Hidden disability after brain injury. What does it really mean?
Is it different from other hidden illness or disability?
Is it the person, or the disability that is hidden?
From all this new questions arose, in particular more about invisible disability, or hidden disability after brain injury.
I have been using the term hidden disability after brain injury for many, many years and this week I realised it has become a kind of automatic phrase – till now anyway.
So today I am sharing my exploration of the term ‘hidden disability after brain injury.’ Your thoughts, comments and questions in the Comment section below or to my EMAIL would be wonderful
What is Hidden Disability After Brain Injury
I sought out our past training manuals to see the actual definition I had been using:
“Brain injury is often called a “hidden disability” because the person may have no physical effects but behave very differently.”
“Cognitive difficulties are often called the “hidden disability” because they may not be obvious but can have a significant impact on your behaviour and on daily life.”
For me it means those outcomes of brain injury that a person might not see, when they meet someone with brain injury. For example you usually see when a person’s leg or arm does not work, while you don’t see the cause of blurting; someone who is not able to monitor what they say – it is hidden.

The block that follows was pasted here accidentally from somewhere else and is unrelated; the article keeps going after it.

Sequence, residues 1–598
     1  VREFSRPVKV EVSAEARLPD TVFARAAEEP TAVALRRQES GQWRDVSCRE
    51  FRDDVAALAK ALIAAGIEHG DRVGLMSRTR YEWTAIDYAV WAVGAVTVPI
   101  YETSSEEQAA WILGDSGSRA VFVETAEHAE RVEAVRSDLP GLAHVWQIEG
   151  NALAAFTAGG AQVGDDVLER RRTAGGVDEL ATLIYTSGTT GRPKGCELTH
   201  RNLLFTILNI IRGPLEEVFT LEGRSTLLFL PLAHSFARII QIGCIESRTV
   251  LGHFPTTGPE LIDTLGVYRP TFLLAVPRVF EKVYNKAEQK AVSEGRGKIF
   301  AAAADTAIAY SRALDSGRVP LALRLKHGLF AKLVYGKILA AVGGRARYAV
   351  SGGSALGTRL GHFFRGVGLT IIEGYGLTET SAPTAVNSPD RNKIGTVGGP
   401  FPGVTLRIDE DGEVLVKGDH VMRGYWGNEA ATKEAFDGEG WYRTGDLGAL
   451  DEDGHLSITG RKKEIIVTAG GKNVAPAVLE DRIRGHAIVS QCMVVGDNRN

Other Hidden Disabilities
I realised I have become more focussed on brain injury as THE hidden disability and conveniently forgotten the many others. I found lists and lists of other ‘hidden disabilities’. The slide presentation at the end lists 111 hidden disabilities!
Looking for other sources I discovered work by the Centre on Disability Studies at the University of Hawai‘i on Hidden / Invisible Disabilities. As you can see in their list below Traumatic brain injury is listed, other forms of brain injury such as Stroke, Dementia, Parkinsons, are not.
- Psychiatric Disabilities—Examples include major depression, bipolar disorder, schizophrenia and anxiety disorders, post-traumatic stress disorder, etc.
- Traumatic Brain Injury
- Chronic Fatigue Syndrome
- Cystic Fibrosis
- Attention Deficit-Disrorder or Attention-Deficit/Hyperactivity Disorder(ADD/ADHD)